In the example below, we see the class variable @@num_of_todo_items being accessed globally and locally within the context of the single class that it was assigned to.

class Todo
    @@num_of_todo_items = 0

    def initialize
        @@num_of_todo_items += 1
    end

    def self.count
        puts @@num_of_todo_items
    end

end

to_do1 = Todo.new
to_do2 = Todo.new 

Todo.count #=> 2
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If a class variable is uninitialized, then it will result in an error.

class Test
    @@uninitialized_class_var
    puts @@uninitialized_class_var
end

#=> uninitialized class variable @@uninitialized_class_var
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Instance Variables

Instance Variables start with an at symbol. They are similar to class variables when it comes to scope. What makes them different is that their values are local to the instances of a certain class or object.

In the example below, we are defining an instance variable called @todo_item and setting it to an instance of the Todo class called todo_item. We are able to access @todo_item in a new method called display_todo_item.

class Todo

    @@num_of_todo_items = 0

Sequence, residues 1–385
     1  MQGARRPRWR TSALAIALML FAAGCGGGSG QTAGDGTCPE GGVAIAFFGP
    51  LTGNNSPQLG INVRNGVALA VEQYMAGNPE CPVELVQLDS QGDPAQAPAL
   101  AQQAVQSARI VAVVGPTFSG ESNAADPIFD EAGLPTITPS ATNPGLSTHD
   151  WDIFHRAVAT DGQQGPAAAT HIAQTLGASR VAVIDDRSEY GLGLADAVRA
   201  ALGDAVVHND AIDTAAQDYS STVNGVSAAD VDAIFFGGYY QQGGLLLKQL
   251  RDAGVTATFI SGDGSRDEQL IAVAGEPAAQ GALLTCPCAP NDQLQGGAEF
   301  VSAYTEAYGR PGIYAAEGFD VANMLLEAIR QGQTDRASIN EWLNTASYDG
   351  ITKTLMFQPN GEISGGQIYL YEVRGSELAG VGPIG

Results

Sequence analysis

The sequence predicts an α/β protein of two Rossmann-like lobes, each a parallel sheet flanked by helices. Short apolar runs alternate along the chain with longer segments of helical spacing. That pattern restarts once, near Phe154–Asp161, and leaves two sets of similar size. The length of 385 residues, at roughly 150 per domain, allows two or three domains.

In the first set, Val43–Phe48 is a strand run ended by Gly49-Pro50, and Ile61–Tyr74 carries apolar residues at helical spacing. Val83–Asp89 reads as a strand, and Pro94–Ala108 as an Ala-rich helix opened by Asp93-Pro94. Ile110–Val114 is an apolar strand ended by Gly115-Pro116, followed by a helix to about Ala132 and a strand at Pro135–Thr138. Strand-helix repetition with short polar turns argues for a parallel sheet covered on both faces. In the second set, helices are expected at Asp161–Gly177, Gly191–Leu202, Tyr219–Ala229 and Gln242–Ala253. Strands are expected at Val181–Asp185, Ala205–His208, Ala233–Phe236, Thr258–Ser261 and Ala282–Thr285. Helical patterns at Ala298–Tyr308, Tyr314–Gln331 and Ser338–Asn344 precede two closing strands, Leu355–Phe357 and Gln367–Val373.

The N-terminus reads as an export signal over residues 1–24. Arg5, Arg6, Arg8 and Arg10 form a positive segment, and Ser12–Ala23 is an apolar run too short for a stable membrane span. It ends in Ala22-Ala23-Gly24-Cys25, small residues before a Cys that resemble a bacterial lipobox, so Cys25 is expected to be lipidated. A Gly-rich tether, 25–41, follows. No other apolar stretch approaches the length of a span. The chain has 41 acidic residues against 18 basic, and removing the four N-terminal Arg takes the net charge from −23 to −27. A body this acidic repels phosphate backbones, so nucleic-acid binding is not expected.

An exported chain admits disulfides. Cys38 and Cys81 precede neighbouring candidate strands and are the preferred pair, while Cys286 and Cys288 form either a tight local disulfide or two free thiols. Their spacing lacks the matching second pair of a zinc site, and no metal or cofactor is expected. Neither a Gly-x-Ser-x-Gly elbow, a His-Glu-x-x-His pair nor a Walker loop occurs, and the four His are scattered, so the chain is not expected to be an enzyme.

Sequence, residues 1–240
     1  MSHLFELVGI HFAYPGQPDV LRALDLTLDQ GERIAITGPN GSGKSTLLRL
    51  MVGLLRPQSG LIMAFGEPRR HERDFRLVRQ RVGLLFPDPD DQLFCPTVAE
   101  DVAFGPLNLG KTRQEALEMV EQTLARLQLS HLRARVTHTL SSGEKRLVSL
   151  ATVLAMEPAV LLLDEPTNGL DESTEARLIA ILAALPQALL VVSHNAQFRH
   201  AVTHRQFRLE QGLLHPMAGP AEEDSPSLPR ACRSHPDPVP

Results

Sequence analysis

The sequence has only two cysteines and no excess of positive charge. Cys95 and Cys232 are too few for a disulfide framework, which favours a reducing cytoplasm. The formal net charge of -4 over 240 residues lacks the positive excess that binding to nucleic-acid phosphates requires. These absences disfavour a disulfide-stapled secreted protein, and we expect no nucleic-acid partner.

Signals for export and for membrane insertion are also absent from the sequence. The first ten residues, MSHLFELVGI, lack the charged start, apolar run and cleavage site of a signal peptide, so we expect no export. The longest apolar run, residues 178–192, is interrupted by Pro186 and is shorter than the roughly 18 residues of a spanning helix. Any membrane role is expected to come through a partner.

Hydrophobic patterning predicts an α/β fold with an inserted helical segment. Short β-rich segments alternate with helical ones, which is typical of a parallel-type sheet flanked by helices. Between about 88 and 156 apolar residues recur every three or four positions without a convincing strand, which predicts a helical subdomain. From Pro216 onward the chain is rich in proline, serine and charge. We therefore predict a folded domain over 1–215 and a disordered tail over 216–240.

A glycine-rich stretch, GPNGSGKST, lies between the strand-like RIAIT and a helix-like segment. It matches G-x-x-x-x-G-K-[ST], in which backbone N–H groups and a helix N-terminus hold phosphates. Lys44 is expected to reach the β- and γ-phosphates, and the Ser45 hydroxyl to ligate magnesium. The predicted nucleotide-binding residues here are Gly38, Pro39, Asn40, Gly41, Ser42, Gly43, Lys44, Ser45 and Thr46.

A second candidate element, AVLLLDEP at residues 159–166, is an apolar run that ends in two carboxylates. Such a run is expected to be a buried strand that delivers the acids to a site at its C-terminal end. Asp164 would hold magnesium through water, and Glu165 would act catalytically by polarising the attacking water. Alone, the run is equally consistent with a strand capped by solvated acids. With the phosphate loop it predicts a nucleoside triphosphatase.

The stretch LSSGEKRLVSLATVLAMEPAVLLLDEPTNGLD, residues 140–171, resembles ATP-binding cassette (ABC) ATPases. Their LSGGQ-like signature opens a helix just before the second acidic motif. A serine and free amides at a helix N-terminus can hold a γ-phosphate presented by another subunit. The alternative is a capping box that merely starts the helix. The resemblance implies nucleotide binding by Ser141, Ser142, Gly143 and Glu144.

def initialize (todo_item)
        @todo_item = todo_item
    end

    def display_todo_item
        puts @todo_item
    end
end

to_do1 = Todo.new("clean house")
to_do2 = Todo.new("practice Ruby")

to_do1.display_todo_item #=> "clean house"
to_do2.display_todo_item #=> "practice Ruby"
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Ruby does not require us to initialize instance variables and the instance variables will have a nil value when uninitialized. Here is an example.

class TestInstanceVar
    @uninitialized_instance_var
    puts @uninitialized_instance_var.inspect #=> nil
end
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Constants

Constants are defined using all capital letters, are accessible globally, and are used to define values we expect to be constant (not change). If we try to re-assign the values of constants, ruby does not throw errors. However, it will give us a warning saying we are trying to re-assign the values of a constant.

SEASONS = ["spring", "summer", "fall", "winter"]
puts SEASONS #=> ["spring", "summer", "fall", "winter"]

SEASONS = "replacing the seasons array with a string"
puts SEASONS 
#=> warning: already initialized constant SEASONS 
#=> "replacing the seasons array with a string"
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Similar to class variables, referencing an uninitialized constant produces an error.

SEASON

puts SEASON.inspect #=> uninitialized constant SEASON
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Summary

Here is a quick way to identify constants and the different kinds of variables.

$global_variable

local_variable

_also_local_variable

@@class_variable

@instance_variable

CONSTANT
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Top comments (0)